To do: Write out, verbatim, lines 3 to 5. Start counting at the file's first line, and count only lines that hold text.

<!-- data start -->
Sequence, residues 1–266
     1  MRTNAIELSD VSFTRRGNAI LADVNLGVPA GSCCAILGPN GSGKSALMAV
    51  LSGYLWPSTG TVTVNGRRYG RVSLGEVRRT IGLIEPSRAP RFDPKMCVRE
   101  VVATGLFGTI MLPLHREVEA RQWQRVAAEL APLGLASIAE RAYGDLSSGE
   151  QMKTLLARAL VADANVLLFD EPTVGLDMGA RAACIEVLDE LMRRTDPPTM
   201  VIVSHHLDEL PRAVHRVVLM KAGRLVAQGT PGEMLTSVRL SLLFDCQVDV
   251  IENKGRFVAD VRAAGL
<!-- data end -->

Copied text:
    51  LSGYLWPSTG TVTVNGRRYG RVSLGEVRRT IGLIEPSRAP RFDPKMCVRE
   101  VVATGLFGTI MLPLHREVEA RQWQRVAAEL APLGLASIAE RAYGDLSSGE
   151  QMKTLLARAL VADANVLLFD EPTVGLDMGA RAACIEVLDE LMRRTDPPTM